Now that FCC voted to repeal net neutrality, the Colorado tech community ponders what is next
Net neutrality got the heave ho by federal regulators who believe innovation was stifled under the 2015 rules
Following the Federal Communications Commission’s approval Thursday to repeal the open-internet rules known as net neutrality, the future of the internet is very certain for some but not for others.
Opponents to the rule change are already threatening to sue to bring back the rules the agency adopted two years ago. But those in favor, including FCC Chairman Ajit Pai, who made the proposal last month, don’t expect a big change in how businesses or consumers stream movies, shop online or use the internet.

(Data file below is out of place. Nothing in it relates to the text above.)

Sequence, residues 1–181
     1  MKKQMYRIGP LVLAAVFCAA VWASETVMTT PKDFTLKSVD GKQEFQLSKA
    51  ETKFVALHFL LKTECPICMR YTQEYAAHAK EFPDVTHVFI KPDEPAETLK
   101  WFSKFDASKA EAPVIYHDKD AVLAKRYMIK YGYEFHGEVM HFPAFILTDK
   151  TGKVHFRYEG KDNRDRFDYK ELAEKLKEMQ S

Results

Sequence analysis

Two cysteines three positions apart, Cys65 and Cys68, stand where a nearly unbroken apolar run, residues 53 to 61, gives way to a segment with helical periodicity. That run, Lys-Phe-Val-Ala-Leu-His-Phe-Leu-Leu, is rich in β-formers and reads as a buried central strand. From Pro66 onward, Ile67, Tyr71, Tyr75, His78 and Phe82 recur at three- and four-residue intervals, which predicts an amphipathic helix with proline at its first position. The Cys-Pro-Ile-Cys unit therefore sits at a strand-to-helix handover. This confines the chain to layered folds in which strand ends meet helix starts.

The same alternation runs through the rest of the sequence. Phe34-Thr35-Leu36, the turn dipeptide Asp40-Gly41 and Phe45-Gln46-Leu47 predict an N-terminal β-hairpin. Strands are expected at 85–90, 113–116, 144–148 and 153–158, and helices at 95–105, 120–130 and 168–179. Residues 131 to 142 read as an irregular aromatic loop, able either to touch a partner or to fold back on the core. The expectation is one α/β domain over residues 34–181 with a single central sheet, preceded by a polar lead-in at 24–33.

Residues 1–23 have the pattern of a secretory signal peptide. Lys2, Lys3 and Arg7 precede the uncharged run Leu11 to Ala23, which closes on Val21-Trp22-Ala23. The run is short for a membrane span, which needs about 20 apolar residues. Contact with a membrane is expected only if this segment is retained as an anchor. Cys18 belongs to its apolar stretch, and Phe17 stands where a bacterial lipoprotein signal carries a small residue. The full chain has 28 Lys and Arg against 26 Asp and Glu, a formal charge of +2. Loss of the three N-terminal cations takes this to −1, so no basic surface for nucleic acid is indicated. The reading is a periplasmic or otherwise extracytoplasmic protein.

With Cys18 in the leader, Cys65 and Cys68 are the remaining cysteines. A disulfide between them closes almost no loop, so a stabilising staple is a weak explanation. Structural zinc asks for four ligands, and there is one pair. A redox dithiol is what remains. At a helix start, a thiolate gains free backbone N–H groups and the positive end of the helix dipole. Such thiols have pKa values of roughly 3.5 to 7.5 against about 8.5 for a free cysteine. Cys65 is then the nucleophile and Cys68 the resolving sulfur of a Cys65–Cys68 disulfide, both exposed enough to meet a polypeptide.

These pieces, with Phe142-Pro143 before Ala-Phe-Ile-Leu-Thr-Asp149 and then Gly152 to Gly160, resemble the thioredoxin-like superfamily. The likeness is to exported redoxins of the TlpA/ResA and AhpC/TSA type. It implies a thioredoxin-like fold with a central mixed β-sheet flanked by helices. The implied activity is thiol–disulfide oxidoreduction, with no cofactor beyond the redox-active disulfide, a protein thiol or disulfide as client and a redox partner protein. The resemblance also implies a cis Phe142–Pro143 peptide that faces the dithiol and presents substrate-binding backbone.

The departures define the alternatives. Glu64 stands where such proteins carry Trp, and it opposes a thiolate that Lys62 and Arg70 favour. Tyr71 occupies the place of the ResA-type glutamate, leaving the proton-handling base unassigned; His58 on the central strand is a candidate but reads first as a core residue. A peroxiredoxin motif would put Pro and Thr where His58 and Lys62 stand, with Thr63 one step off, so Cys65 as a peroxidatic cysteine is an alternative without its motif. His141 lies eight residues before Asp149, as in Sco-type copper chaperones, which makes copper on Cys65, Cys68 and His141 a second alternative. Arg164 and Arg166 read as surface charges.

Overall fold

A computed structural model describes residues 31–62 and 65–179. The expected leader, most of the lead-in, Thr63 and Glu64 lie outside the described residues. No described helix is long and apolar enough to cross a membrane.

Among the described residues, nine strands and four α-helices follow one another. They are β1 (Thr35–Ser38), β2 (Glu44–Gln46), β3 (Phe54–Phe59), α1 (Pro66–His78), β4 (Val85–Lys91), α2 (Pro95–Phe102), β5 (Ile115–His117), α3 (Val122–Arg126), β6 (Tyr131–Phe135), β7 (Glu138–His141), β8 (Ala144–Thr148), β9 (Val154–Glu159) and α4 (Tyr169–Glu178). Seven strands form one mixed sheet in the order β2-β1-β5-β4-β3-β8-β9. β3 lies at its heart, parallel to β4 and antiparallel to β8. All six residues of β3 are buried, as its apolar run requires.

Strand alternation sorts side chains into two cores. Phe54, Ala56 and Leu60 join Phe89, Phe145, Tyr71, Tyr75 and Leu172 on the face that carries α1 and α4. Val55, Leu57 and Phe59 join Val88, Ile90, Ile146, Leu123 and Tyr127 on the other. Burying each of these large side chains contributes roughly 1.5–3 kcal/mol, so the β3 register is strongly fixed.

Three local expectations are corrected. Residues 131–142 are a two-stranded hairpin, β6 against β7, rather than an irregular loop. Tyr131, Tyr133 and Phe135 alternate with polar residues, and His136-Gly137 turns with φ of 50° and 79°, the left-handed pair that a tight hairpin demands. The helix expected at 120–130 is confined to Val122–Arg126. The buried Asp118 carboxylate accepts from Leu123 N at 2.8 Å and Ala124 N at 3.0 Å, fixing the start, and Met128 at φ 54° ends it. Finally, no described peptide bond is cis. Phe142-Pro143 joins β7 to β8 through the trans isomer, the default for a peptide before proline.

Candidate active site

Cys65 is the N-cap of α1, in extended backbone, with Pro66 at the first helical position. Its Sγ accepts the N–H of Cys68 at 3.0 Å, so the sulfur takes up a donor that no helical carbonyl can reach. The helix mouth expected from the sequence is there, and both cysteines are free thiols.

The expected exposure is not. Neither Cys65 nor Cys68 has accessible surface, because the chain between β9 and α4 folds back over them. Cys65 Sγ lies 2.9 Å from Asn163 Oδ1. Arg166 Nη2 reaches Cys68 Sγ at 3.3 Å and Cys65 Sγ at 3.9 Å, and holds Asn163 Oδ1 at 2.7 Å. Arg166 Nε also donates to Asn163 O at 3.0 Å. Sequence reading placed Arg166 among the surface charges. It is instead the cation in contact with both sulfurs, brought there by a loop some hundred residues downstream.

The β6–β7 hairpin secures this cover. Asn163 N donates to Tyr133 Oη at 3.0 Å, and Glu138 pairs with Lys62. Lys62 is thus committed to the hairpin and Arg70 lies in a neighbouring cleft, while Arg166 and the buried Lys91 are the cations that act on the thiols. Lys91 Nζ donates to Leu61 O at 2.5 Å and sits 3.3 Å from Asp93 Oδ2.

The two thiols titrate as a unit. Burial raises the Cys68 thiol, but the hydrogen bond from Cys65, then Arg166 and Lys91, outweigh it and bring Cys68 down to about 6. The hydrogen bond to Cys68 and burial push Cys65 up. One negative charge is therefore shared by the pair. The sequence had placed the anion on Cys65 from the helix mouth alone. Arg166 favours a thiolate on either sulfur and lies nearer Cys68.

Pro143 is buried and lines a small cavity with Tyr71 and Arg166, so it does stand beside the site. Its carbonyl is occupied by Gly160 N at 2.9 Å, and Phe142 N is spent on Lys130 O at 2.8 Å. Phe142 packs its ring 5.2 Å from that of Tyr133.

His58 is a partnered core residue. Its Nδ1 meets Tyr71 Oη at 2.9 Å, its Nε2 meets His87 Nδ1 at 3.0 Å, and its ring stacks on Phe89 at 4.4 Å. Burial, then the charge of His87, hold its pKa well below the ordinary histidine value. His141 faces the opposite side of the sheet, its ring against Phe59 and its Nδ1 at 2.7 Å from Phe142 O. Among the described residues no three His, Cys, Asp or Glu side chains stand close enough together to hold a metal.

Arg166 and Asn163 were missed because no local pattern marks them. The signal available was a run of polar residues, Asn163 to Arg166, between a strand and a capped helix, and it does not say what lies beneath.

For those outside of the commission, the reality of what this could mean for business was already sinking in.
“We are a small ecommerce company that competes, and in some cases, sells goods similar to far larger players,” said Lee Meyer, CEO of interior design site Havenly.com, which is based in Denver. “The risk, economically, to us, is that ISPs begin to charge high fees for the fastest connections to consumers — fees that a company of our size can’t reasonably bear. In the consumer world, speed has a direct impact on conversion. This decision could potentially have serious impacts on what made small internet based business possible in the first place — a free and fair internet.”
Nothing will change immediately. The Office of Management and Budget must first approve the rule.
Start a dialogue, stay on topic and be civil.
If you don't follow the rules, your comment may be deleted.